Breeding Bettas is rather easy, and quite entertaining to watch. To begin you will need one male and one female. Unlike most fish where including several males and females together in a spawn, it is not a good idea to do so with bettas. Males will always fight each other.

Male bettas are smaller in body and have long flowing fins, females have short fins. As well females can be kept together in a tank with other females, only males are aggressive.

Once you have a male and a female they should be conditioned, although this is not absolutely needed. Conditioning includes feeding both the male and female live foods including bloodworms, tubifex worms and mosquito larvae.

When the male is ready to breed he will build a bubble nest, having floating plants will help him build a nest. He will take breaths of air and spit out little bubbles for the eggs and fry to live in. The female will swell up with eggs. Also in darker bodied females a light vertical stripe will appear over their body when they are ready to spawn.

One conditioning method which works is placing the male in a planted 10 gallon tank, and put the female in a glass cup and float the cup in the tank. This way the two fish can see each other, but cannot contact each other. This is said to encourage nest building and egg production.

Once the nest if built, release the female into the tank. The fish will chase each other around for awhile, but soon will begin to spawn. The male can be very violent, so giving the female a small hiding place in the tank is a good idea. As well the bottom of the tank should be bare so the male can find any eggs which are dropped.

Once they are ready to spawn the female will slowly approach the male with her head down in a non-threatening manner. The male will be under his nest. Once the male and female are together, the male will wrap his body around the female and gently squeeze eggs out of her.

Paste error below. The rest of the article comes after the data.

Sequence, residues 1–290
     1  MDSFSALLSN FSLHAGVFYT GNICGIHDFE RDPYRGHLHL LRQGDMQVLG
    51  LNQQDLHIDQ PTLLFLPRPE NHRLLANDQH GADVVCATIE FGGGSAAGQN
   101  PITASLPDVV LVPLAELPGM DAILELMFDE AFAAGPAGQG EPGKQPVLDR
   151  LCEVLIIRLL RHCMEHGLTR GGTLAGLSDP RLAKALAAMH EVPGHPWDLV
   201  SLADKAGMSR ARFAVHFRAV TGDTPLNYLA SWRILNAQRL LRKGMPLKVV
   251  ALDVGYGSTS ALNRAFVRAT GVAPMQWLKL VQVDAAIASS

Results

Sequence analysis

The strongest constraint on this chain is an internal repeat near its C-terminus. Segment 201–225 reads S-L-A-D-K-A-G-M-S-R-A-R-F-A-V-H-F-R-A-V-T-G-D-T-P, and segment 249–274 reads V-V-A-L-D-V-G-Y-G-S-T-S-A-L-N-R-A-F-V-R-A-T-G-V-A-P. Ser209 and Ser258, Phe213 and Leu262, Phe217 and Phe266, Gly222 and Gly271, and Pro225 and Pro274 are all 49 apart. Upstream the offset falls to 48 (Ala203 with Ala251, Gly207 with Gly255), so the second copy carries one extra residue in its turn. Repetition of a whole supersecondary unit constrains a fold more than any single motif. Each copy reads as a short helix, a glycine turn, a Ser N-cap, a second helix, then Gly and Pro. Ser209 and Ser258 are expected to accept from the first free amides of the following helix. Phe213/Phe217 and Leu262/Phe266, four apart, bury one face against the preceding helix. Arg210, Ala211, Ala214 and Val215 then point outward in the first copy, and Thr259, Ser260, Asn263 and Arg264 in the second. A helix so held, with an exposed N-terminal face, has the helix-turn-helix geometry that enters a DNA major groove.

These eggs will fall to the bottom of the tank, the male will pick them up, fertilize them and place them in the nest. This is why the bottom should be bare, so he can find any eggs which fall. The water should be 4 to 6 inches deep as well so eggs are not lost and so any fry which fall can swim back up.

Once mating is done the female may need to be removed. The male MUST stay with the eggs to take care of them and the fry once the eggs hatch. The male will attack the female if he sees her as a threat.

After about 48 hours the eggs will hatch. For the next 3 or 4 days the male will take care of the fry. The fry will absorb their yolksacs but remember these are labyrinth fish and they cannot breath water, so they must breath air at the surface. If they fall from the nest the male will pick them up and place them in the nest again.

Once the fry are done their yolk sacs they will swim away. The male will try to keep them in the nest, when he realizes he cannot, he will eat them. This is when the male and the fry must be separated.

[Introduction | Water | Food | Breeding | Fry Care | Sick Fish | Pictures]


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©1999-2004 Peter Sadlon